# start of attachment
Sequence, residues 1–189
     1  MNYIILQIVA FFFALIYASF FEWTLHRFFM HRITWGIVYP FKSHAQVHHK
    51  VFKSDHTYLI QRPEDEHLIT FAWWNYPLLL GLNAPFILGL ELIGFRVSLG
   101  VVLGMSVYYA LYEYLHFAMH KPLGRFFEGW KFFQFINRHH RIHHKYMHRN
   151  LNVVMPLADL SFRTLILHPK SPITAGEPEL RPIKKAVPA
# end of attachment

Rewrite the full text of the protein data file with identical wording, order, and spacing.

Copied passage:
Sequence, residues 1–189
     1  MNYIILQIVA FFFALIYASF FEWTLHRFFM HRITWGIVYP FKSHAQVHHK
    51  VFKSDHTYLI QRPEDEHLIT FAWWNYPLLL GLNAPFILGL ELIGFRVSLG
   101  VVLGMSVYYA LYEYLHFAMH KPLGRFFEGW KFFQFINRHH RIHHKYMHRN
   151  LNVVMPLADL SFRTLILHPK SPITAGEPEL RPIKKAVPA